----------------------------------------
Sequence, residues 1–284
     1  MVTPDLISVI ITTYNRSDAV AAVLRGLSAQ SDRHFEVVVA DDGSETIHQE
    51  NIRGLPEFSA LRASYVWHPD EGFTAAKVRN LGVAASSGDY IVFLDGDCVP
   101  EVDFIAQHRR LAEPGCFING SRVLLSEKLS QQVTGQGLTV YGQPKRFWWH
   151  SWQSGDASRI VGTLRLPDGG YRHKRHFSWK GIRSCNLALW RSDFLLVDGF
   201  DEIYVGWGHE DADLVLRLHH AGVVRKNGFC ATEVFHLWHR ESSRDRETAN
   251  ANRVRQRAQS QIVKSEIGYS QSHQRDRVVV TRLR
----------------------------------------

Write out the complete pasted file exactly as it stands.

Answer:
Sequence, residues 1–284
     1  MVTPDLISVI ITTYNRSDAV AAVLRGLSAQ SDRHFEVVVA DDGSETIHQE
    51  NIRGLPEFSA LRASYVWHPD EGFTAAKVRN LGVAASSGDY IVFLDGDCVP
   101  EVDFIAQHRR LAEPGCFING SRVLLSEKLS QQVTGQGLTV YGQPKRFWWH
   151  SWQSGDASRI VGTLRLPDGG YRHKRHFSWK GIRSCNLALW RSDFLLVDGF
   201  DEIYVGWGHE DADLVLRLHH AGVVRKNGFC ATEVFHLWHR ESSRDRETAN
   251  ANRVRQRAQS QIVKSEIGYS QSHQRDRVVV TRLR